Eating lots of incredible food, but fortunately walking my ass off as well! Doing everything by foot, and probably putting in 4-6 miles/day, although it feels like a lot more.

Serindipity highlight of the trip (so far) was stumbling onto the Newbury Library Book Fair, with some 100,000 books for sale. Those who know me are aware that books are opiate to me, so of course I had to stop and browse. Three hours later, a bag full of heavy books, and 15 blocks from the hotel! Not the best planning, but…

More when I return, the usual travel pix, and a report on our golf game Sunday morning (brother and I), at a course we literally just picked out of the yellow pages. Should be fun.

Victorian Sensibilities

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The Dead Zoo

What do you get when Victorian-era zoologists and amateur collectors go crazy? Evidently Dublin’s Museum of Natural History, affectionately called the Dead Zoo by locals. Since 1857 this museum has been delighting young and old alike, at least those who enjoy walking among lots of dead, stuffed things. The crowded, three-story Victorian-adorned edifice is a treasure trove of animals, insects, and birds from around the world with a heavy concentration of Irish-specific species. The brochure states there are 10,000 specimens on display, selected from 2,000,000 in their collection. The experience of being there shows they couldn’t fit number 10,001.

Even though photography was forbidden, I managed (bad Gary) a quick snap from the third floor, shown above. Gives you some idea of how crowded the place is and the Victorianesque feeling. Visited twice, the first time arriving too close to closing time (5 o’clock prompt) to see much, but the second time arriving early enough to invest an hour sketching a few residents. The two sketches I managed (below) were drawn from ground floor (moose) and the narrow second-floor balcony (whale).

Bullwinkle's ancestor

whale bones

The Dead Zoo isn’t everyone’s cup of tea. But if you’re the type that enjoys museum dioramas and zoos, then you’re in for a treat. If you visit Dublin, be sure to save time for this unique flashback to an era that encouraged compulsive collecting.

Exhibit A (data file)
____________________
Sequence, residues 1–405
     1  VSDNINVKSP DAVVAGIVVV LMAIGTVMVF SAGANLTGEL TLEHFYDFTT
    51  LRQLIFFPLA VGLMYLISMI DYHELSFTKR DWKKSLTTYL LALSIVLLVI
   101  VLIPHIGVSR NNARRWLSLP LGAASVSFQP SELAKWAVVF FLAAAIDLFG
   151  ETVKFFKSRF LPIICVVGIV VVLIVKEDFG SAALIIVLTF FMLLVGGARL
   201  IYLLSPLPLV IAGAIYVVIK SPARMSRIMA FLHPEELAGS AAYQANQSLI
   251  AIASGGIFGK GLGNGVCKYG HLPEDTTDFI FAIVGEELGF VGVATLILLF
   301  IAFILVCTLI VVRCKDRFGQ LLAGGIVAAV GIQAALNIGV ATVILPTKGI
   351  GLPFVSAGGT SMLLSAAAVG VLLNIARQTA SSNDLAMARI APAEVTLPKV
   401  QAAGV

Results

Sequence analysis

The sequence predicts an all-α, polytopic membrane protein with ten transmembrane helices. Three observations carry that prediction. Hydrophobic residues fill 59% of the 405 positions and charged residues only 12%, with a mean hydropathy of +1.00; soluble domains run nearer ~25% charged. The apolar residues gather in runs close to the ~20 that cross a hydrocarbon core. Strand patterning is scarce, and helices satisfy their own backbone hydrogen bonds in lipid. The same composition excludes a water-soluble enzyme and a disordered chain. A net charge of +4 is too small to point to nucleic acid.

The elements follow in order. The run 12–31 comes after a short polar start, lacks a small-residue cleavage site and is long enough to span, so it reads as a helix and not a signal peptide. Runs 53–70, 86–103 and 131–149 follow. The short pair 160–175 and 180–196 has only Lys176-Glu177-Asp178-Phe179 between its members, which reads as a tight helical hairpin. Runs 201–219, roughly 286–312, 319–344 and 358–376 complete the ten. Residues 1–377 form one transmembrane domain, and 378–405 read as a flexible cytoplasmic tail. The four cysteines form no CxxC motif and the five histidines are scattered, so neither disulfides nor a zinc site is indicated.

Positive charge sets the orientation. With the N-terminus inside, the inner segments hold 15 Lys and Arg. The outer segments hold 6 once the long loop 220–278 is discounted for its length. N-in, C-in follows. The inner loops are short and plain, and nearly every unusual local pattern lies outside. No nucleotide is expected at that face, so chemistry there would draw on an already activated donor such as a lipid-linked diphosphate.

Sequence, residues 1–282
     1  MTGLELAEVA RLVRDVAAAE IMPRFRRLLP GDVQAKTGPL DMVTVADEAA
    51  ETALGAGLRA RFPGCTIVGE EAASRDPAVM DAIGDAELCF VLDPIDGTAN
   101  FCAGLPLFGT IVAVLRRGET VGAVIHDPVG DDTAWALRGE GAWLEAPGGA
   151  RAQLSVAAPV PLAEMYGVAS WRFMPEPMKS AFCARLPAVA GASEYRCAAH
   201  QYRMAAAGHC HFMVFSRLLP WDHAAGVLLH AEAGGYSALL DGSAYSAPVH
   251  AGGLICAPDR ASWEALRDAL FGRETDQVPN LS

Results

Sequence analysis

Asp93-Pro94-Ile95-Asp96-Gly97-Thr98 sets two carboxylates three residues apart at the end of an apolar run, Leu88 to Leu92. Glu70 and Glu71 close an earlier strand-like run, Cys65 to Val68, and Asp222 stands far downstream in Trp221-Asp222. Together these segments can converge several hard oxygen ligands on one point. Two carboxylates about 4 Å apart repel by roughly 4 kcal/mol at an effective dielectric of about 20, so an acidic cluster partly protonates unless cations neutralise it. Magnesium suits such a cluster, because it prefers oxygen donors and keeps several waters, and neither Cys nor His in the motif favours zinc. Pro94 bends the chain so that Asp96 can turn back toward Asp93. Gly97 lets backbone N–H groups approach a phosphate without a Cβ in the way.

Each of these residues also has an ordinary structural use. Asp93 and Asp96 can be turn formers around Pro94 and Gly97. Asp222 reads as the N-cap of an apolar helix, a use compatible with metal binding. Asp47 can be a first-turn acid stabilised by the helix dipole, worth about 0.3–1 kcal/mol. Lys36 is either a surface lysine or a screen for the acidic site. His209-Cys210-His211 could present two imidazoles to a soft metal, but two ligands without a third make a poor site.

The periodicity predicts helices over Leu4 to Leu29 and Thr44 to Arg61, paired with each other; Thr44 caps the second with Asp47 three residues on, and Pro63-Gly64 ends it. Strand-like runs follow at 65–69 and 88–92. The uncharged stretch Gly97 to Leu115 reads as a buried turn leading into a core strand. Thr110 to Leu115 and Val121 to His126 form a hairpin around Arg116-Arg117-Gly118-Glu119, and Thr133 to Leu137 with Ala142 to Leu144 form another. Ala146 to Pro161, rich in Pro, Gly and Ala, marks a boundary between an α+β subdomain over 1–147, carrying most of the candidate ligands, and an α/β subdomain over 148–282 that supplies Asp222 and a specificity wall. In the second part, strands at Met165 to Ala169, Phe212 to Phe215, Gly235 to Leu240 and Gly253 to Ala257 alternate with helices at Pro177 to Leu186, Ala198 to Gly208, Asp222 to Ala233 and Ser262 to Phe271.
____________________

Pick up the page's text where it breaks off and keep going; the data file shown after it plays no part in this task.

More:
A Day in Ann Arbor

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Yesterday I took a mini road trip up to Ann Arbor to check out the Border’s Bookstore and venture into some of the used and antiquarian bookstores this liberal Michigan town has to offer. Fortunately I headed out early, arriving in Ann Arbor around 10:30 a.m. I say fortunate, because yesterday the University of Michigan football team and about 100,000 friends gathered for one of their typical, frenzied football Saturdays. Imagine my surprise to drive up South Slate and see a sea of maize- and blue-clad people marching towards football heaven. Note to self:  next time, check the football schedule before heading out!

Lunch at SevasThe upside of a football weekend in Ann Arbor is, of course, fewer people downtown. Borders was a bit disappointing (I quick-peeked in there last time and thought it was a huge store; turns out to be very wide, but very shallow). But I did enjoy Dawn Treader and found some Medieval gems in Motte and Bailey’s store. So the booking was good, as was my lunch at Seva, a vegetarian restaurant on E. Liberty a few blocks west of Borders. Their North African Cous-Cous with grilled tempeh (above) was delightful, accompanied by a cup of gazpacho and Red Zinger tea.